In 1300 Pope Boniface VIII instituted a similar thing for Catholics. For those who wanted to have their sins forgiven, he instituted a year of Jubilee to be observed every 50 years. If you were truly a faithful Catholic and if you wanted to have your sins forgiven, then you would travel to Rome and walk through the doors of the biggest basilicas in Rome, that were opened only on that occasion. For 49 years these doors remain closed, and once every 50 years they are opened and they have the ability to wash away the sins of any baptized Catholic who walks through them.
The 50-year rule only lasted two times perhaps because this event brought significant financial wealth to Rome, so they made it every 25 years. It didn’t take long to add a rule that a pope could institute extraordinary jubilees in order to dispense more forgiveness of sins. Generally, popes stayed away from these events, although there have been times where the pope declared them. Pope Urban VIII in particular, because of the unsuccessful jubilee year of 1625, gave one in 1628 and because of its great success, instituted it again in 1629.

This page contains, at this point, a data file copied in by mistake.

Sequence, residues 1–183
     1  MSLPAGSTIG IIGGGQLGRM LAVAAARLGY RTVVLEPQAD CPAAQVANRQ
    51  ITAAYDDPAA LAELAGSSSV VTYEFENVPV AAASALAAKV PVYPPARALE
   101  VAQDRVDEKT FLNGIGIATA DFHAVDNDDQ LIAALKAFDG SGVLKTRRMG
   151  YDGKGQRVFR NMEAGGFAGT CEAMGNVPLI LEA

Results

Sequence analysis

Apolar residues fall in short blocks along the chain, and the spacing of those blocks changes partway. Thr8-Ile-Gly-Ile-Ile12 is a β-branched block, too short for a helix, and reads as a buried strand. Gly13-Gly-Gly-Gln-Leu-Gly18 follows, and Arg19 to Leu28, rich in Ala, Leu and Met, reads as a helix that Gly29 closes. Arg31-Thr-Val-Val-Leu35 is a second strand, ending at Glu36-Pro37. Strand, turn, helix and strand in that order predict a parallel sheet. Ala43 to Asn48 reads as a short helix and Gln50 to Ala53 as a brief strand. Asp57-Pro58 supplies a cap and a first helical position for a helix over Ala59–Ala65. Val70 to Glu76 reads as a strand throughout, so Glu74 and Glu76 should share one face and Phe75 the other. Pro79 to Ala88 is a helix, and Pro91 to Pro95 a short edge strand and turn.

“Well,” you may say, “this is something the Roman Catholic Church believed during the years of the Reformation and since has changed its view on this issue.” Well, you would be wrong. They have consistently declared jubilee years like clockwork while also instituting special jubilees. Between the years of 1900 and 2000 there were eight of them. And finally, Pope Francis declared that this year, the year of 2016 is a year of Jubilee. This means that your Roman Catholic friends down the street have been promised by their Pope that if they travel to Rome and walk through one of these special doors, that they will receive forgiveness for their sins.